If you need to generate indices to iterate through a std::vector, this can be useful since std::vector<T>::size_type is probably bigger than int. While the static_assert avoids some potential problems with floating point values, it also inhibits the use of integer-like classes (for example, a hypothetical BigNum class).


You can simplify some of your functions thanks to list initialization. For example, used in a return statement, it sallows you not to explicitly repeat the return type (unless the return type's constructor is explicit):

LoopRangeIterator begin() const
{
    return { from };
}

LoopRangeIterator end() const
{
    return { to };
}
share|improve this answer
    
The problem with the template solution is that floating point numbers would need more care. If you repeatedly add an increment to a floating point number it may never hit the expected "end" value. So I'd need some tricks (e.g. keeping track of the number of remaining iterations). It would be too much complication for a rare use case. I could probably restrict template instantiation to integral types with some template magic but why overcomplicate things? –  isarandi May 23 '14 at 14:54
    
@qorilla A little static_assert should do the trick :) –  Morwenn May 23 '14 at 14:55
    
While return { from }; is shorter to type, I don't think it is better than return LoopRangeIterator(from); from a readability and maintainability point of view. –  R Sahu Jan 3 at 3:23
    
@RSahu There have been long debates about that recently, even in the standard committee itself, so it's still debatabe. My point of view is that when you return from a one-liner, there is no way you could mean anything else and writing the return type a second time doesn't help much. –  Morwenn Jan 3 at 11:23

If you have operator!=, you should also have operator== for symmetry:

bool operator==(LoopRangeIterator const& other) const
{
    return value == other.value;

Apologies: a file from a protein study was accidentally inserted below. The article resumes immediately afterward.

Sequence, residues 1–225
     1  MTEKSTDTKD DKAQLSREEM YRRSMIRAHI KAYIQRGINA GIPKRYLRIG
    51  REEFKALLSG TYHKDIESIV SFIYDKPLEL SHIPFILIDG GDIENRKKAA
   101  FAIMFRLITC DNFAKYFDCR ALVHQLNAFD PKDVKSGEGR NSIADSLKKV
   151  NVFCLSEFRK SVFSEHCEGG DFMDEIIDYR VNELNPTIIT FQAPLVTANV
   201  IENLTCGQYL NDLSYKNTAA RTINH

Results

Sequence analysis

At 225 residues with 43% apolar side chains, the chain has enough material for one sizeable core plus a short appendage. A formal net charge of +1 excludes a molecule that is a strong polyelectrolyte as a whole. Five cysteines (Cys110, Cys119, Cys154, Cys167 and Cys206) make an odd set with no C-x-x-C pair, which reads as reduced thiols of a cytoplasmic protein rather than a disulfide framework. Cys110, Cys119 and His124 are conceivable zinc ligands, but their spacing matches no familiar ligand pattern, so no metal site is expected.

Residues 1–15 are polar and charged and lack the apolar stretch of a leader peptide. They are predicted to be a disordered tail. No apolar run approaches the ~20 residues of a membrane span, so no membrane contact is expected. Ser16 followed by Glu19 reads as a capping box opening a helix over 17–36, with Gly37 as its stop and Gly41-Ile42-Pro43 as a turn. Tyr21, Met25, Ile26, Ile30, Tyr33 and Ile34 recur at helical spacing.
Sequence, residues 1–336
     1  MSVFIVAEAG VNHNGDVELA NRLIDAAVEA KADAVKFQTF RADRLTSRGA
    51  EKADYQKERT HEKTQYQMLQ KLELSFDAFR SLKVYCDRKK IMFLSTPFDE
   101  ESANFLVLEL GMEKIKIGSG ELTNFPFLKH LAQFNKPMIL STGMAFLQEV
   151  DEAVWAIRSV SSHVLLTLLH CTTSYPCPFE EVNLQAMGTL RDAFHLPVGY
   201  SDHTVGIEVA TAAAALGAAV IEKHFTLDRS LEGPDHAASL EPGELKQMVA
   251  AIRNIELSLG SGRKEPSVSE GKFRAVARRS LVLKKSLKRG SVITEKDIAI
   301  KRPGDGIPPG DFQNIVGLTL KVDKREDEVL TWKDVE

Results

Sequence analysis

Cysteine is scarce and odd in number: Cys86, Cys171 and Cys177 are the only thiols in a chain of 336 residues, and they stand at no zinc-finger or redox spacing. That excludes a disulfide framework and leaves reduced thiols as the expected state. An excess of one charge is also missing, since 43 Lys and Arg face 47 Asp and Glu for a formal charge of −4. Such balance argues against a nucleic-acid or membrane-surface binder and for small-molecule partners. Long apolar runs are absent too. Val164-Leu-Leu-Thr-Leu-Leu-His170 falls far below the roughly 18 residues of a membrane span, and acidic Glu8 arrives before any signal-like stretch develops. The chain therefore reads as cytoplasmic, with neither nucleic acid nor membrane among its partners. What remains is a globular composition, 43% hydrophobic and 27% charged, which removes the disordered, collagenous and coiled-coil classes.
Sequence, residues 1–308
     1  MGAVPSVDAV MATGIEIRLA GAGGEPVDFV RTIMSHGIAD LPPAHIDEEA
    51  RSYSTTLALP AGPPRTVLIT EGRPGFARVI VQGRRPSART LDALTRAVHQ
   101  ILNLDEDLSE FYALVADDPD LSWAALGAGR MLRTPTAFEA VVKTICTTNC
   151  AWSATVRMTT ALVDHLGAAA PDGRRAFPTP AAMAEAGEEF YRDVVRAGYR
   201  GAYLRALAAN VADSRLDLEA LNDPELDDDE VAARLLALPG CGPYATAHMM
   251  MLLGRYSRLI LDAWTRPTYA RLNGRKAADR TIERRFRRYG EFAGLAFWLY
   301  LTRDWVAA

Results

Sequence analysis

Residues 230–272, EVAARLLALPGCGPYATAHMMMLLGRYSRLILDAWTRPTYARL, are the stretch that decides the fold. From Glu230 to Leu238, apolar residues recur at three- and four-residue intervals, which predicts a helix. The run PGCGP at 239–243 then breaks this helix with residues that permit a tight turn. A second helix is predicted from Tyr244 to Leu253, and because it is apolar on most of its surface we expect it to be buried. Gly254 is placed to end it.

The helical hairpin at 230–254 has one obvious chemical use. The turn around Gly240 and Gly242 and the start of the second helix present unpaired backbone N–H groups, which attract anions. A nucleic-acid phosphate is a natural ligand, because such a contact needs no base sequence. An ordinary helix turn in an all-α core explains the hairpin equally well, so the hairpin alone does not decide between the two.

}

In addition, it's more common to overload operator!= in terms of ==:

bool operator!=(LoopRangeIterator const& other) const
{
    return !(value == other.value);
}
share|improve this answer
    
Makes sense in general. Here I concentrated on the functionality needed in the for loop as I intend this class to be used nowhere else. –  isarandi May 23 '14 at 14:03
    
@qorilla: That's fine. I would still follow this rule, at least with operator-overloading. It may also seem a bit tacky when you have one overload but not the other. –  Jamal May 23 '14 at 14:06

Preprocessor Macros! All of the loops below will produce the same result. Unfortunately, macros can't be defined more than once, so you have to give them different names.

#include <iostream>

#define irange(i,a,b) int i = (a); i < (b); ++i // if you want to use ints all the time
#define range(i,a,b) i = (a); i < (b); ++i      // if you ever want to use something other than an int
#define zrange(i,b) i = 0; i < (b); ++i       // if you want to start at zero
#define izrange(i,b) int i = 0; i < (b); ++i  // if you want to start at zero and use ints

int main ( )
{
    for ( int num = 0; num < 10; ++num ) std::cout << num << ' ';

    std::cout << '\n';

    for ( irange ( num, 0, 10 ) ) std::cout << num << ' ';

    std::cout << '\n';

    for ( int range ( num, 0, 10 ) ) std::cout << num << ' ';

    std::cout << '\n';

    for ( int zrange ( num, 10 ) ) std::cout << num << ' ';

    std::cout << '\n';

    for ( izrange ( num, 10 ) ) std::cout << num << ' ';

    std::cout << '\n';
}

You could also write more macros to do things like increment by something other than 1.

share|improve this answer
    
Well, this is not as clean as a modern C++ solution. For the reasons you mentioned and for all the other reasons we try to avoid macros :/ –  Morwenn Nov 6 '14 at 21:01
    
but I did it in one line. ;) –  Yay295 Nov 6 '14 at 21:04
1  
Unfortunately, in real code, we value the usage and quality of the implementation more than its character count :p –  Morwenn Nov 6 '14 at 21:20

obviously not better than yours but you may consider it as an alternative. By using std vector to get same result

#include <vector>
template <typename T>
std::vector<T> irange(const T& begin, const T& end)
{
    static_assert(std::is_integral<T>::value,
        "range only accepts integral values");
    std::vector<T> v;

    for (auto i = begin; i < end; ++i)
    {
        v.push_back(i);
    }

    return v;
}

or this which is worked fine with me, i tested in VC++ 2013

template <int begin_,int end_>
struct range {
    struct iterator {
        int value;
        iterator(int v) : value(v) {}
        operator int() const { return value; }
        operator int& ()      { return value; }
        int operator* () const { return value; }
    };
    iterator begin() { return begin_; }
    iterator end() { return end_; }
};

usage

for (auto i : range<0, 5>())
{
    std::cout << i << ' ';
}
share|improve this answer
2  
This is a heavy weight implementation compared to the OP's code. –  R Sahu Jan 3 at 5:17
    
@RSahu yes, i mentioned it as an alternative compared to OP's code –  MORTAL Jan 3 at 5:21
    
@RSahu .. i updated my answer i think it light and short suitable for its purpose –  MORTAL Jan 3 at 12:49